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Packaging company Nampak doing well in Nigeria, pity it can’t get its money out

According to Nampak's half-year results, it had R1.5bn (over US$96m) in cash tied up in Nigeria and Angola at the end of March and were unable to convert this into US dollars as a result of foreign currency shortages.

According to Nampak’s half-year results, it had R1.5bn (over US$96m) in cash tied up in Nigeria and Angola at the end of March and were unable to convert this into US dollars as a result of foreign currency shortages.

On Wednesday, South African packaging company and the continent’s largest beverage-can manufacturer, Nampak, released its half-year results for the period ending 31 March 2016. It revealed its trading profit from the rest of the continent (outside of its home market South Africa) had grown, now contributing 47%, up from 38% in 2015.

In Nigeria, Africa’s largest economy, Nampak’s can-packaging division, Bevcan Nigeria, saw its market share expand and operating profit increase.

But despite this strong performance, Nampak announced it would not pay an interim dividend to shareholders.

Part of the reason is the group is struggling to get its profits out of Nigeria and Angola due to severe foreign-exchange constraints. According to the company it had R1.5bn (over US$96m) in cash tied up in the two markets at the end of March and were unable to convert this into US dollars as a result of foreign currency shortages.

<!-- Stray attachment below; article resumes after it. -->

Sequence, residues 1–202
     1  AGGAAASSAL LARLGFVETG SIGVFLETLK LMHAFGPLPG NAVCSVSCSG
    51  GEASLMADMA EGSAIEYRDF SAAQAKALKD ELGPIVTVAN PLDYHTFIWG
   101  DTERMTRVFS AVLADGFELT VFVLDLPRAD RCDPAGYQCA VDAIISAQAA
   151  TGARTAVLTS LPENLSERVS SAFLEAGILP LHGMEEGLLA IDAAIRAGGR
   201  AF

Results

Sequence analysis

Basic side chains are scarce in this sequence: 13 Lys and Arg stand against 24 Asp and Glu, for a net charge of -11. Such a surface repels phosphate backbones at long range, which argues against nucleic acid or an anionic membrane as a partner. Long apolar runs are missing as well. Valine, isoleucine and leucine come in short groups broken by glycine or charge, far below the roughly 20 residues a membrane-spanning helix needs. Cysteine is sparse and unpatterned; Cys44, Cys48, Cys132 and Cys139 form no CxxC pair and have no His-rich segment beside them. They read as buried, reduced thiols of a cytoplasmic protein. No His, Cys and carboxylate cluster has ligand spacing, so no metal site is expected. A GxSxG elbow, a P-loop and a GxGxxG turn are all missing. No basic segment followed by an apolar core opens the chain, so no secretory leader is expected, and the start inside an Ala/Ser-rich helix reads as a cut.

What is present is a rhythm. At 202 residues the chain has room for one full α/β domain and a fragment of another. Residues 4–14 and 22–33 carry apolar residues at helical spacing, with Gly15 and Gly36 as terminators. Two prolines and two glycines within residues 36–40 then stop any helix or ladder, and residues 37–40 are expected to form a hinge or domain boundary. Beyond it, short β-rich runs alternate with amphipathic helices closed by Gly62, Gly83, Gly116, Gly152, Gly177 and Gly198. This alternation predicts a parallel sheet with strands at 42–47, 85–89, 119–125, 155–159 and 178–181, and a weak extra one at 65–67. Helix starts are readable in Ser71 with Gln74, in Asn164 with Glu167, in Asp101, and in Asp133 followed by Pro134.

“[Nampak] is earning money in those countries but can’t take it out to either buy raw materials in foreign currency or to pay down some of their debt, etc,” says Mark Hodgson, industrial and corporate governance analyst at Avior Capital Markets.

“So they are much more restricted in how they manage their businesses. It is a lot tighter, and they are not finding things very easy at the moment.”

Since March last year, the Central Bank of Nigeria (CBN) has pegged the local currency at just below 200 naira to the US dollar. However, the collapsed oil prices have decreased export revenue, leading to a scarcity of dollars in the country. In January the CBN halted dollar sales to foreign operators and the naira has since plummeted to 350 to the dollar on the black market.

According to Nampak’s half-year results, the company was able to access foreign exchange in Nigeria and Angola to pay for 60% of foreign supplier invoices.

“The other 40% they have to fund themselves through dollars that they are actually paying outside of the country. To keep operating they have got to actually have more dollars outside the country,” notes Hodgson.

Last week the CBN’s governor Godwin Emefiele hinted that Nigeria would adopt a more flexible foreign-exchange policy. Uncertainty over a devaluation of the naira has negatively impacted investor confidence and Nigeria’s National Bureau of Statistics reported that capital inflows in the first quarter of this year have plummeted to $710.97m – a year-on-year decline of 73.79% and a near 90% drop from its peak in the third quarter of 2014.